I never give my figures to Pollstar
Well, then let’s scrap that question.
What do you want to know?
Is Paul Simon one of your best-sellers?
That’s a tough call. We’ve got Adele, one of Lucy [Dickins]’ artists. She did four bloody Wembleys. That was nearly 400,000 people, and she did eight bloody O2s.
It’s hard to compare. Paul has always done decent business in some markets, and less in others. This industry is strange. You can be huge in Belgium, but not in France, [although] they’re next door to each other, and half of Belgium speaks French. We sold out the
He sold out two Ziggo Domes [17,000 capacity] in Holland, but isn’t so big in [neighboring] Germany. In England, we sold out Manchester Arena [21,000] and the [12,000] SSE Hydro in Glasgow. For the [July 13] show at RDS Arena in Dublin, we’re at 20,000-odd tickets.
We can’t compete with the U.S. [where he’s represented by Brian Greenbaum at CAA], where he sold out three Hollywood Bowls in a day, which is around 60,000 tickets.

– Farewell
Paul Simon detailed his reasons for putting touring to rest in an open letter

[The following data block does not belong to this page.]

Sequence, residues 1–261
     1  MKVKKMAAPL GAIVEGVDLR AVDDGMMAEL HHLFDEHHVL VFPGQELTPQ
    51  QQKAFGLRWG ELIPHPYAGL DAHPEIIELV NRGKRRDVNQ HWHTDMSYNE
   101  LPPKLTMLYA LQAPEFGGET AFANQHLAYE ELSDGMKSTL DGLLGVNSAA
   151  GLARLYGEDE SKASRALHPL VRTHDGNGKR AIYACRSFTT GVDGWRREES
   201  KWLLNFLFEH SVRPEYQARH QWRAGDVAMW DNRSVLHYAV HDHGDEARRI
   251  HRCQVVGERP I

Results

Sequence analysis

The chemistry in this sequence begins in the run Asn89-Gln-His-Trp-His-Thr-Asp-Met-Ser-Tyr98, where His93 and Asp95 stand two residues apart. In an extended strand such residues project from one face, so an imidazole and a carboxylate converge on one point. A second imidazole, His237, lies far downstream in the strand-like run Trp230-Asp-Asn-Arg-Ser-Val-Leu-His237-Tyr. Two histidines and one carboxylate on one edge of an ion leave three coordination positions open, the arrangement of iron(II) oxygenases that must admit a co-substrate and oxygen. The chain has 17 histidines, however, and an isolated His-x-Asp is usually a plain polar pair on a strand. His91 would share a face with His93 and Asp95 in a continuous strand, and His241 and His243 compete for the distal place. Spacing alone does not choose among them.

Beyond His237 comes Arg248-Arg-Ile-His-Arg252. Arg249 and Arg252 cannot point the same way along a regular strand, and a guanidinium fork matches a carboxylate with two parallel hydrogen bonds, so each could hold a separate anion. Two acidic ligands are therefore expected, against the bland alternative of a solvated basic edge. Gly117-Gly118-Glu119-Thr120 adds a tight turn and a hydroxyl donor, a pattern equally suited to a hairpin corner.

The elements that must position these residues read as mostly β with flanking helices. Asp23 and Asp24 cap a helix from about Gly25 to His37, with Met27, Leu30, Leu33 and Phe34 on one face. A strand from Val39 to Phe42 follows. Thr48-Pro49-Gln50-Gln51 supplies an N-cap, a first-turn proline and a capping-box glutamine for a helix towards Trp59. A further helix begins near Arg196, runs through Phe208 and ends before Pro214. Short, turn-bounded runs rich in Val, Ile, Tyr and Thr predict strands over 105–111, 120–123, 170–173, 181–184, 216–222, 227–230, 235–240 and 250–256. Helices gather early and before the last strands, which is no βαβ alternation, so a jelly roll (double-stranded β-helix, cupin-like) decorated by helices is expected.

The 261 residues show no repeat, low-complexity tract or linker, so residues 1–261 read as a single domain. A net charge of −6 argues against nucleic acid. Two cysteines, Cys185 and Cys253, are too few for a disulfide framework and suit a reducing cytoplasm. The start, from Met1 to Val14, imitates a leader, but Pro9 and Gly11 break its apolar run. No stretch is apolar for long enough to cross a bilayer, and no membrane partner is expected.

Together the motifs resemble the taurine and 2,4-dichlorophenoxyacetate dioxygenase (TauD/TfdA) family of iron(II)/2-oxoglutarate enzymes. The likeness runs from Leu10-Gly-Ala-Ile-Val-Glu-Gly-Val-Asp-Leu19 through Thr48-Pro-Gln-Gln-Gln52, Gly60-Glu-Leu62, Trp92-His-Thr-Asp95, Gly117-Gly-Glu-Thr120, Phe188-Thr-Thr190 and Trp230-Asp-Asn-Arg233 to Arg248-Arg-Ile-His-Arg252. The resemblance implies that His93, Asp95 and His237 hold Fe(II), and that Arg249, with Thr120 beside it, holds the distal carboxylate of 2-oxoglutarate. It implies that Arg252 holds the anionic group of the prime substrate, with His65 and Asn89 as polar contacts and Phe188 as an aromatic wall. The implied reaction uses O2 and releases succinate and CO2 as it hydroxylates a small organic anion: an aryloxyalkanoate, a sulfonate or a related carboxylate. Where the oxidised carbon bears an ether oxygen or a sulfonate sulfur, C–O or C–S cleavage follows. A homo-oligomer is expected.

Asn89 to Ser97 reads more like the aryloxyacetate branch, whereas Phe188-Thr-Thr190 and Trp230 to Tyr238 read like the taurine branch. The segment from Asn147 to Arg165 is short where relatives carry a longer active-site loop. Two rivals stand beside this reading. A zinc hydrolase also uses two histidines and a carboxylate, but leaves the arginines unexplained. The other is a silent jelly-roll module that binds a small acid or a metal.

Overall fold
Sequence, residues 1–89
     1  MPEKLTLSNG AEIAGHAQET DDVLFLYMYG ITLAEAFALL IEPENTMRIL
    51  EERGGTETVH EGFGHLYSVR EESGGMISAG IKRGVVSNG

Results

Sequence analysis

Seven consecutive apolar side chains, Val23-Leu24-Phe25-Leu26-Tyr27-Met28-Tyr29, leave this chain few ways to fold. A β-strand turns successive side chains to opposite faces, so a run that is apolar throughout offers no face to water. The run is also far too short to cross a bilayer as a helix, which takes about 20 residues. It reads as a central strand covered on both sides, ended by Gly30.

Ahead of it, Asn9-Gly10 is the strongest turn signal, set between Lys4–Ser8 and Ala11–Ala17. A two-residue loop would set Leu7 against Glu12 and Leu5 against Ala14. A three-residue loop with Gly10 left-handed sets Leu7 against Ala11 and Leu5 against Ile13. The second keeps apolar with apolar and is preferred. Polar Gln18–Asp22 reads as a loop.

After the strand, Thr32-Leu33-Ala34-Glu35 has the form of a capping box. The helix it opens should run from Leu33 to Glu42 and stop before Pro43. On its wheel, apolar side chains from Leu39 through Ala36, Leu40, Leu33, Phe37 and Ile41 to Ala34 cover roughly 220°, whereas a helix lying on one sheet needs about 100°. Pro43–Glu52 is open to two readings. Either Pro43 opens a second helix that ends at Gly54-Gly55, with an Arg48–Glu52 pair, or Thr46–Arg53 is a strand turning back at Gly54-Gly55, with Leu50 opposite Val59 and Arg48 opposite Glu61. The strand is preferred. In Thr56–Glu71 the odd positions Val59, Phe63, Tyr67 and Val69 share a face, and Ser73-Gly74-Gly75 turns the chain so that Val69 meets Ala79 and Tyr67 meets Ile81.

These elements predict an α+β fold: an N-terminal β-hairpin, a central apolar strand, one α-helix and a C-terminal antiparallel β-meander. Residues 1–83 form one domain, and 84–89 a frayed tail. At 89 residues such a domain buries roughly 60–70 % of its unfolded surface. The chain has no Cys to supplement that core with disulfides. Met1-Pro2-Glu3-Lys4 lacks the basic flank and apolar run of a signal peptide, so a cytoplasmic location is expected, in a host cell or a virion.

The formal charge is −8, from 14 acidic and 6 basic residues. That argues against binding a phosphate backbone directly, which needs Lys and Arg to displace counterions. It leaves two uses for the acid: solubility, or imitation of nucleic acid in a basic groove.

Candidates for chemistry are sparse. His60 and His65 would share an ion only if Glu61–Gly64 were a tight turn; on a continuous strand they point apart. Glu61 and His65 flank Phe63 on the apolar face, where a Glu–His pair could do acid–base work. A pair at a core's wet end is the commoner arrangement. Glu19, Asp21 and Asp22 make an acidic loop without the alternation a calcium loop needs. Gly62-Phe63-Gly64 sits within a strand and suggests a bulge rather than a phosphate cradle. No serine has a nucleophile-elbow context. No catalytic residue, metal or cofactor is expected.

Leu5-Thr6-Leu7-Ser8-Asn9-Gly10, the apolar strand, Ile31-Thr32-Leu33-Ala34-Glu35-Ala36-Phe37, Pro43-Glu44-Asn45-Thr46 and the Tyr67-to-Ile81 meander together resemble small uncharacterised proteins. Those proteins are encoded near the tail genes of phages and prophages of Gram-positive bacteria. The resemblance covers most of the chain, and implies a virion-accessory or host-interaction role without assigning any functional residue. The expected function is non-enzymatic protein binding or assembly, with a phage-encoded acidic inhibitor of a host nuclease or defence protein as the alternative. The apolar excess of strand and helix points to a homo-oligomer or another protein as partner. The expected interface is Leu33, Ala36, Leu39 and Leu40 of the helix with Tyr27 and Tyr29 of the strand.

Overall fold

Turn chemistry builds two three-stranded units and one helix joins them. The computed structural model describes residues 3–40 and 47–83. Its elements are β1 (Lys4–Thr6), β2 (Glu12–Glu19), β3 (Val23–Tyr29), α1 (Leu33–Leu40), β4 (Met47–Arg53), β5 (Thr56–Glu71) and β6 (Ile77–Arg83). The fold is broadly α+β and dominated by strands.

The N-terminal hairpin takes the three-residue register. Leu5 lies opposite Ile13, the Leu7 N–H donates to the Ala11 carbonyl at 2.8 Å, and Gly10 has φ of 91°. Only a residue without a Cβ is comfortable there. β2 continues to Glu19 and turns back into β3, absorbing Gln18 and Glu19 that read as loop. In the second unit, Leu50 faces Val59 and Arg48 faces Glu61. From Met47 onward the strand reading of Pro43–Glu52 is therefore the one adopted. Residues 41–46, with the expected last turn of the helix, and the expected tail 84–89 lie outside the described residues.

Has Paul Simon’s rider changed over the years you’ve been working with him?

Slightly. His rider’s not terrible, I’ve seen far worse. He likes comfort, but there’s no “take out the brown M&Ms” in there or anything like that. It’s pretty straightforward.
What inspires you most about Paul?
He’s so professional, which, believe me, isn’t the case for all acts.
Even on that level?
Especially on that level. How do you think I got these grey hair?
What’s your stance on secondary ticketing, and have you taken any measures to curb the practice on Paul’s Europe tour?
I hate secondary ticketing, period. We try and do everything we can, but if somebody sells a ticket, the law is weird. If you buy a ticket, that’s your ticket, you can do whatever you like with it. I don’t have a problem if somebody’s charging [a 10 percent markup], I do have a problem if somebody’s charging 500 percent. I think it’s immoral, but I don’t know what the answer is. 
The problem with all the ticketing now is, you pay so many fees, it’s unbelievable. By the time you add it all up, a ticket that would cost you £30, will cost you £42. That’s a big difference. But there’s not much I can do, because I don’t control the tickets. 
If you look at the market in general, do you think tickets are too expensive?